For Spohn, the Summer Institute was the first chance to learn the science behind injury prevention. She rates the experience as one of the best continuing education opportunities she has had as a practicing public health professional. Spohn spreads the injury prevention message by integrating it throughout the health department system, helping to make her state safer.
In 2012, the Johns Hopkins Center for Injury Research and Policy hosted the 19th Annual Summer Institute on Principles and Practice of Injury Prevention. First conceived in the late 1980s, the Institute has grown and responded to the many innovations in the field of injury prevention over the past two decades.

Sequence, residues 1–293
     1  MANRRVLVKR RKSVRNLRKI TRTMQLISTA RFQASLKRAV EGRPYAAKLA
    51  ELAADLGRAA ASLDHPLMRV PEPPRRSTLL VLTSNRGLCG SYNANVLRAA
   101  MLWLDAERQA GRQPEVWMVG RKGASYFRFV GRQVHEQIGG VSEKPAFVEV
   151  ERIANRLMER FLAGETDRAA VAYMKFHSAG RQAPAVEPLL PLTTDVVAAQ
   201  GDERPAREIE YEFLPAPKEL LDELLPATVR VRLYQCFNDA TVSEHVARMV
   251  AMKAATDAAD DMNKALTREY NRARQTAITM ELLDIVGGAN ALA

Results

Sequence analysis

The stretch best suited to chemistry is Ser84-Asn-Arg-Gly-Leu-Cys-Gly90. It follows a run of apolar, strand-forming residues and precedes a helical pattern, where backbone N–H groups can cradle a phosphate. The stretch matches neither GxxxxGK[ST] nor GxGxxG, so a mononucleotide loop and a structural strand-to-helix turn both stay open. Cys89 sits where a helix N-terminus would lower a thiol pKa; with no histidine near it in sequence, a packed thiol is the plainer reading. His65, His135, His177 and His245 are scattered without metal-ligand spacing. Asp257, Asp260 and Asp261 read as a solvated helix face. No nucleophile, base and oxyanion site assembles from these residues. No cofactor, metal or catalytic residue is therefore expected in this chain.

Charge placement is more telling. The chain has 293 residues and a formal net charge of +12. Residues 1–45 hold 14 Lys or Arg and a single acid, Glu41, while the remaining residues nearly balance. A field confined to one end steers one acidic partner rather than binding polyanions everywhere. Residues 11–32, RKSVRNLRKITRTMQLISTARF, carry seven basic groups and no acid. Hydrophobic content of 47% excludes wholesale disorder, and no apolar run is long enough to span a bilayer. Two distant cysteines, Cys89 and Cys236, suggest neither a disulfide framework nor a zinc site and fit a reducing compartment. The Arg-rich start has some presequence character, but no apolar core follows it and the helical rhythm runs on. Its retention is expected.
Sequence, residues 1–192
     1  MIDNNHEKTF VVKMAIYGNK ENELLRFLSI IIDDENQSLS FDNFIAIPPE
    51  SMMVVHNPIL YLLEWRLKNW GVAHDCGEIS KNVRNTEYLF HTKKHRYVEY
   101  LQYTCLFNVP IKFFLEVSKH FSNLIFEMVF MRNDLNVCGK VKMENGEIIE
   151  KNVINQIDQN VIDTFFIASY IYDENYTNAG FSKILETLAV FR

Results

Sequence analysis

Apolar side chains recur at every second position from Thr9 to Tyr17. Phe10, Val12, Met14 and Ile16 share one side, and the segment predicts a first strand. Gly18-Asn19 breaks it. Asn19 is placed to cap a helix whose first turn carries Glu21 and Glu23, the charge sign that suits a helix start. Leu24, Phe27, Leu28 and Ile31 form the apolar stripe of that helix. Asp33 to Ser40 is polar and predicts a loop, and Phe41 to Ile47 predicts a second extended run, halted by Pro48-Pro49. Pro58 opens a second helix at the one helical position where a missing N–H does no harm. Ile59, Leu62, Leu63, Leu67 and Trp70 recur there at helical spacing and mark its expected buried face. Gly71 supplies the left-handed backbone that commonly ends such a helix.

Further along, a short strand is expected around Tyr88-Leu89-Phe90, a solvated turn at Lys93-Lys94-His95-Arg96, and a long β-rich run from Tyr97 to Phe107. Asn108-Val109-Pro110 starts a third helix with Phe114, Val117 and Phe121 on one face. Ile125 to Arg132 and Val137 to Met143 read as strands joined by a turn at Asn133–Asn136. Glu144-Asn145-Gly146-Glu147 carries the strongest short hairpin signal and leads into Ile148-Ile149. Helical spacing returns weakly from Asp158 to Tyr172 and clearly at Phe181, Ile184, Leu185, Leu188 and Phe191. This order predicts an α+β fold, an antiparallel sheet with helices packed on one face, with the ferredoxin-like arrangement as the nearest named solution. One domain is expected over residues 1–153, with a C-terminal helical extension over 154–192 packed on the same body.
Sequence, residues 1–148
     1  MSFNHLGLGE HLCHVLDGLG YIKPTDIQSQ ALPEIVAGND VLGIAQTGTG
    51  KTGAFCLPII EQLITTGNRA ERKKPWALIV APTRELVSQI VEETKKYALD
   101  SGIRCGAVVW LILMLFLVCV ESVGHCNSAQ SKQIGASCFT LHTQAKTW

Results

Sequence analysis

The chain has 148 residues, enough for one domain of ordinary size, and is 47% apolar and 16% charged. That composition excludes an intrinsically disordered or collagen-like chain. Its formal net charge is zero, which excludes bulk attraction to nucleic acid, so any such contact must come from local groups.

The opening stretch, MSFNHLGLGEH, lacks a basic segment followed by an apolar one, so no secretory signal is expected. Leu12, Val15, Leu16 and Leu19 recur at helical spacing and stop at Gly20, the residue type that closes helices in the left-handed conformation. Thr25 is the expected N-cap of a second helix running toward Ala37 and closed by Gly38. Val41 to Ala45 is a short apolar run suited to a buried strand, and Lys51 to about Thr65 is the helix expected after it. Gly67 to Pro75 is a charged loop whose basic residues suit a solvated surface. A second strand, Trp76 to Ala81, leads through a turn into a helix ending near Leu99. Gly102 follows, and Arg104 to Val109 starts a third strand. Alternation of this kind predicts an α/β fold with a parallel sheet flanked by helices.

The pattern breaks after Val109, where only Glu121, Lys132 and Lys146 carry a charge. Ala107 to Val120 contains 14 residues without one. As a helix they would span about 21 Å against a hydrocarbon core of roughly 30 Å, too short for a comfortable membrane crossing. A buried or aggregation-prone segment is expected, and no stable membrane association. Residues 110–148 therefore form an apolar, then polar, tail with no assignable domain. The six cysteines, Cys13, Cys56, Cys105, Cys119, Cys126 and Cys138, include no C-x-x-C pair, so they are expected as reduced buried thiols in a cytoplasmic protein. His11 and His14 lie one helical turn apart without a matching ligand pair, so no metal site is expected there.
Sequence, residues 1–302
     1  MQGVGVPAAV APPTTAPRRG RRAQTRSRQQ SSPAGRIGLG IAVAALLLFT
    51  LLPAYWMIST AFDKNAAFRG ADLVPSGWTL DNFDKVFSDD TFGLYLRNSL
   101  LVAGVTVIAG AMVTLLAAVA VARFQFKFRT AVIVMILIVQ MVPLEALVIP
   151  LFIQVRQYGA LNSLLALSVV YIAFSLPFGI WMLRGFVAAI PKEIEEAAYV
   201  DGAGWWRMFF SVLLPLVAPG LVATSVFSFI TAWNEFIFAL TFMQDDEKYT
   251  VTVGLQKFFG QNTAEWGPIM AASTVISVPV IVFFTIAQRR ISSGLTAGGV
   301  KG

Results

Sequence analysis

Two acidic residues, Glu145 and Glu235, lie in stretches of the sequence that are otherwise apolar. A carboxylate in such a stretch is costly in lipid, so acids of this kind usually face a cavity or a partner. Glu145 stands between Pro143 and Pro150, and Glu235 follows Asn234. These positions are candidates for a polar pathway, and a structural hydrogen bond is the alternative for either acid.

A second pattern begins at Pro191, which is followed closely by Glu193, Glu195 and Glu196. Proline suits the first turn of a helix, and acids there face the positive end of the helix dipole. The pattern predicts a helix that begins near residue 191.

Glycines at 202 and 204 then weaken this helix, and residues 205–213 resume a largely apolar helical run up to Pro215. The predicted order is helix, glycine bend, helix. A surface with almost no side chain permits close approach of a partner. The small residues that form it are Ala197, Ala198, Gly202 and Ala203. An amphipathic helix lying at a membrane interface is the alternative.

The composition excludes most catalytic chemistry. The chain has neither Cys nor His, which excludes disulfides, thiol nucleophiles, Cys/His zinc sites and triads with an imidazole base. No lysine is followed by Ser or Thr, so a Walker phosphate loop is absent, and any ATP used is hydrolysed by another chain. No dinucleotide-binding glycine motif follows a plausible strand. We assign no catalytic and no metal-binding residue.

As the science progressed and effective interventions were identified, the Institute expanded to supplement the basics of surveillance and mechanisms of injury with skill building in prevention strategies and the translation of research into effective programs and policies. In fact, the Institute’s curriculum is consistent with recently established national training competencies.
Hundreds of individuals have participated in this unique training opportunity, including medical care and public health professionals, community advocates and government officials at the local, state and national levels. The Summer Institute helps grow the field of injury prevention and control, with graduates serving in leadership roles in local, national and international agencies and organizations.